Amazon, an e-commerce company, has introduced a business accelerator for African financial technology firms. It is expanding its goals on the continent and the direction in which they are moving is indicated by the new programme.
The program, which is sponsored by AWS’ Startup Loft Accelerator, will concentrate on fintech and fintech-related firms operating in Africa. Compared to other technological sectors, venture capital funding for African fintech businesses is the highest.
Out of the more than $5 billion invested in African businesses in 2022, fintech startups in the continent raised over $2 billion in venture capital. Early-stage fintech businesses are now being invited by AWS to apply to participate in the AWS FinTech Africa Accelerator’s inaugural class. The deadline for applications is April 27.
AWS established a Johannesburg branch in 2015, and in 2017 it expanded its South African footprint by using AWS Direct Connect to deliver the Amazon Global Network to Africa.
By May 2018, Amazon had expanded Amazon CloudFront to Johannesburg and Cape Town, bringing the total number of AWS’ 138 places of presence worldwide to 141. Additionally, the business started providing AWS WAF, AWS Shield, and Amazon Route 53 through South Africa. Amazon opened its first data facilities in Africa in 2020 in South Africa.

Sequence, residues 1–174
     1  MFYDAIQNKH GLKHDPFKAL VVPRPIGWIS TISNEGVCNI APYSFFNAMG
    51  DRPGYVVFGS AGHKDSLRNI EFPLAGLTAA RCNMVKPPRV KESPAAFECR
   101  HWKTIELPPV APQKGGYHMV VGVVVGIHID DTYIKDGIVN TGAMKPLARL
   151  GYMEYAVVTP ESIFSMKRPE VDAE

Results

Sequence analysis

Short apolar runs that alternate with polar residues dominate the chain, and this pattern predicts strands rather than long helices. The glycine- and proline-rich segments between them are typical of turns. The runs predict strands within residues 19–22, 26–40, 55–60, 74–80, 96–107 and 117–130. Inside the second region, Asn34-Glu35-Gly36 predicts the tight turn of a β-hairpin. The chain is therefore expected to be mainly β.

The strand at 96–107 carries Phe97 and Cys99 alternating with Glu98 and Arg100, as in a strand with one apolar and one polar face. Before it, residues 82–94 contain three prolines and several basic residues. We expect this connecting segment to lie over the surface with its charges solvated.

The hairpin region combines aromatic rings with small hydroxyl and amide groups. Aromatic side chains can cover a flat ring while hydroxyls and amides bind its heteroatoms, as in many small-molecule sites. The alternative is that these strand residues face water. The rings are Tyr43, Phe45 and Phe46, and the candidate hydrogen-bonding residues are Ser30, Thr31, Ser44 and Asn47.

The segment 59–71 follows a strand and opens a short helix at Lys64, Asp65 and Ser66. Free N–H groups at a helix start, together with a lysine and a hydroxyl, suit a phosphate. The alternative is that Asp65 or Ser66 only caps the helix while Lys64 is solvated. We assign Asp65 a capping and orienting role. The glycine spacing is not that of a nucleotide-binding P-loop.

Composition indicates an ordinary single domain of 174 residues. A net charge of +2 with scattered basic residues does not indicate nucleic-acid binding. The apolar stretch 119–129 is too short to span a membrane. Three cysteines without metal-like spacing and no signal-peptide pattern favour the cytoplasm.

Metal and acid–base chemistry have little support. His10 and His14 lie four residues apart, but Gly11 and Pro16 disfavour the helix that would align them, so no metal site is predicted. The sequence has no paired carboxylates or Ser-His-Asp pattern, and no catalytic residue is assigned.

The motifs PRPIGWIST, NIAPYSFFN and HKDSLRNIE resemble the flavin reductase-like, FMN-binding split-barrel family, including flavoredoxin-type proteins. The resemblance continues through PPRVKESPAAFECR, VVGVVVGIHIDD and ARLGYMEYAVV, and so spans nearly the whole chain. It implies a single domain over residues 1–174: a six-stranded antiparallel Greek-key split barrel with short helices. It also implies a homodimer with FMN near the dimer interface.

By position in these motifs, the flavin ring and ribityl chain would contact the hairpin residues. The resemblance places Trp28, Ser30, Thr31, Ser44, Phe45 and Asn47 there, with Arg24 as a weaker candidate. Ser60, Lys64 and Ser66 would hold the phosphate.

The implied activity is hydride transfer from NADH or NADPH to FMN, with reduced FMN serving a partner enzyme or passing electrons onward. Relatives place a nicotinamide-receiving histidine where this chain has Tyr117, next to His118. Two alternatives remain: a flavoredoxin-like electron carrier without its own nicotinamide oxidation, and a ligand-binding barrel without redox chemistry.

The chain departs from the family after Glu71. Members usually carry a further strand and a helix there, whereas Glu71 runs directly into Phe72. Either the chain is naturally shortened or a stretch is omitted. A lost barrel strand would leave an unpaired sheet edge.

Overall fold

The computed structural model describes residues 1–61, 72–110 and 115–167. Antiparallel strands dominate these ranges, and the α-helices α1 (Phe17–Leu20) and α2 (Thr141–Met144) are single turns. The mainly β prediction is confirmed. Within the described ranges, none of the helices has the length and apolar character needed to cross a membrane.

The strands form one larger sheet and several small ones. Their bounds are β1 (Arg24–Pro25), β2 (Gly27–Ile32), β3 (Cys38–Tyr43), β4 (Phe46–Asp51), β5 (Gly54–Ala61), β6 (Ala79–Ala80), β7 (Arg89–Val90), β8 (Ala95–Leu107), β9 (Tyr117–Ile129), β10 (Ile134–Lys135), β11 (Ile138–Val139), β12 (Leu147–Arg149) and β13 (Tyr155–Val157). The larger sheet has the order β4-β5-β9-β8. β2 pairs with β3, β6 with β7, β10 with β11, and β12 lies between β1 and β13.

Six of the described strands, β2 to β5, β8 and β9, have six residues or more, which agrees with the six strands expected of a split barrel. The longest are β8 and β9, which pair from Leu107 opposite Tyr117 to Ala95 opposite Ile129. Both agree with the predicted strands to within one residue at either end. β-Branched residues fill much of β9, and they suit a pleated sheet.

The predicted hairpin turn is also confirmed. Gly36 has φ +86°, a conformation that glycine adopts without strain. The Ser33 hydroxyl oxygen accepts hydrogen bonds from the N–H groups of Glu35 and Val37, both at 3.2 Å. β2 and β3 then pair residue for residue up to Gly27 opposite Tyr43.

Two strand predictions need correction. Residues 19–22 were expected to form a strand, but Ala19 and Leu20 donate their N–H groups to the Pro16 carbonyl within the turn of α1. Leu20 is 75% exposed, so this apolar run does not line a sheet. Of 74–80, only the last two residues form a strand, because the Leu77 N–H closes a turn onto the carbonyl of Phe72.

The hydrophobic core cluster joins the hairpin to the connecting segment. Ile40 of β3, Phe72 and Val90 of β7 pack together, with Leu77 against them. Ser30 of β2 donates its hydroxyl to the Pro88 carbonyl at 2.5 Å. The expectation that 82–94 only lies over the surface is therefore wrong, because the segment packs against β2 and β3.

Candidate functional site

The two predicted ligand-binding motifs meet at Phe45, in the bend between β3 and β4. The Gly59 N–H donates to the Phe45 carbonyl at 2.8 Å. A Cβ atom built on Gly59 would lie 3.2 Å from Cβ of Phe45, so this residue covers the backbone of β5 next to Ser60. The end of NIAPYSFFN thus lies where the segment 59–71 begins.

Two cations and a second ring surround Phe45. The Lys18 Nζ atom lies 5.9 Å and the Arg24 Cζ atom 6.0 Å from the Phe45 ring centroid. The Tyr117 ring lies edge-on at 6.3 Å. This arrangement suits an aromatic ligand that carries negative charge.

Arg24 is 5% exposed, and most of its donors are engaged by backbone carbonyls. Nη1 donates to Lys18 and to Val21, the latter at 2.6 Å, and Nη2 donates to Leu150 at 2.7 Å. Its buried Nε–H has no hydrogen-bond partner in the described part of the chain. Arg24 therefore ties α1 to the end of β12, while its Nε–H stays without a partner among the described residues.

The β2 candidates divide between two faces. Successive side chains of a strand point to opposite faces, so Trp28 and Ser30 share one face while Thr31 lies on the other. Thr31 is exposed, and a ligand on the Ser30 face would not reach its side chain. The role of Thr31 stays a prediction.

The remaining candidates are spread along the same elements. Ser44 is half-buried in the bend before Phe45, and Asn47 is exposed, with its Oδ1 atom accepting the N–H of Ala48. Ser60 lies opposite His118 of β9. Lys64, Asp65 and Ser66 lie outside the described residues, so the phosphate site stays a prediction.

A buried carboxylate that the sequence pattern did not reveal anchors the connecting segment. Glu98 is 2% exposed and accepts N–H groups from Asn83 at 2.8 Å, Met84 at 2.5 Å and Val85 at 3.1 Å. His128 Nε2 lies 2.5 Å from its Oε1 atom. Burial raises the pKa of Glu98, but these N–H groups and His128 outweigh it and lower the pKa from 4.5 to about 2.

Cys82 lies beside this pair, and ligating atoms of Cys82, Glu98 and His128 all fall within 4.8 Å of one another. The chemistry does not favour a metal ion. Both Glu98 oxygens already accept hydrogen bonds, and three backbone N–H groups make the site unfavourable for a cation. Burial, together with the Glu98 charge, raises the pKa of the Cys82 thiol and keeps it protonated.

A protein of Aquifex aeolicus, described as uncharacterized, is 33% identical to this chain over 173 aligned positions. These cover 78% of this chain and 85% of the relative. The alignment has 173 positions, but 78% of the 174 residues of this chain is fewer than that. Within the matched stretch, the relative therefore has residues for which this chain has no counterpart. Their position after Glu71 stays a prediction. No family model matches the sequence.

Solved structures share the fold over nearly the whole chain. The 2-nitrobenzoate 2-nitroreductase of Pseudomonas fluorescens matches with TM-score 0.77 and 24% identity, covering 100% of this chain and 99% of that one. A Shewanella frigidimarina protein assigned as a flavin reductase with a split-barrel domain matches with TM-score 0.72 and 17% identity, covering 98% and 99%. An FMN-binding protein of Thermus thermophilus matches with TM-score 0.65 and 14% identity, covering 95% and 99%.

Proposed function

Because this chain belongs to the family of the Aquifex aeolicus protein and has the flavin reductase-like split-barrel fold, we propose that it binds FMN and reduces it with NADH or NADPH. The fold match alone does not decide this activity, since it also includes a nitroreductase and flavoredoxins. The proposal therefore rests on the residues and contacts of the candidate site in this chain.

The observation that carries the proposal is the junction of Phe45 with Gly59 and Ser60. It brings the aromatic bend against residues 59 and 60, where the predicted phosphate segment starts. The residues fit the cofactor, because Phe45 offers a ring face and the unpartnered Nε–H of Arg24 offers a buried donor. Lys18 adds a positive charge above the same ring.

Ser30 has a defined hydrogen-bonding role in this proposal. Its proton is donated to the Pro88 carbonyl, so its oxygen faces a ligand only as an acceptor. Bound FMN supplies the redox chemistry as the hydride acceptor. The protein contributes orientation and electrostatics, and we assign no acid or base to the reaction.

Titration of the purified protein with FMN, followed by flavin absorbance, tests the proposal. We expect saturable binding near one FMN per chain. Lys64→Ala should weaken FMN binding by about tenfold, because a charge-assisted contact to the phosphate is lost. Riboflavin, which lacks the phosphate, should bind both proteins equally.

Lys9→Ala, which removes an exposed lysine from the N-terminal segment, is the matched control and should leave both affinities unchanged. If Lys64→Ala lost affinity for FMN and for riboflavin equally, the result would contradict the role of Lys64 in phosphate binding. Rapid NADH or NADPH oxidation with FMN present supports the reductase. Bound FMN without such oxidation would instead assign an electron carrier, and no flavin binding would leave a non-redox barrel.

How Anazon Inclusion Will Impact Africa
Targeting emerging tech firms sends a message to Amazon and AWS that they want to forge early alliances with Africa’s future tech behemoths, who will serve as their future target clients. The massive retailer is being forced to look for new venues to expand its consumer base due to slowing revenue and net income. At the 2022 Q4 results call with investors and analysts in February, Amazon CEO Andy Jassy stated, “We’re trying to build a set of relationships that outlast all of us.” Numerous startups as well as significant African enterprises are already AWS subscribers. Including, among others, Absa, Old Mutual, DPO, JUMO, Mukuru, and Travelstart.
The e-commerce giant is highlighting where it sees value in the African market by focusing on supplying digital hardware and software infrastructure via data centres and AWS. Still, it isn’t retail e-commerce. It is not difficult to recognise the pattern associated with (South Africa concentration) when you consider Amazon’s historical interactions with Africa. The US behemoth has resisted expanding its retail operations and brutally effective delivery service to the continent.
Amazon, though, is optimistic about the market for digital services and infrastructure in Africa. That is true for a good reason. According to Xalam Analytics’ study, demand for data centre services in Africa increased two to three times faster than supply in 2018.
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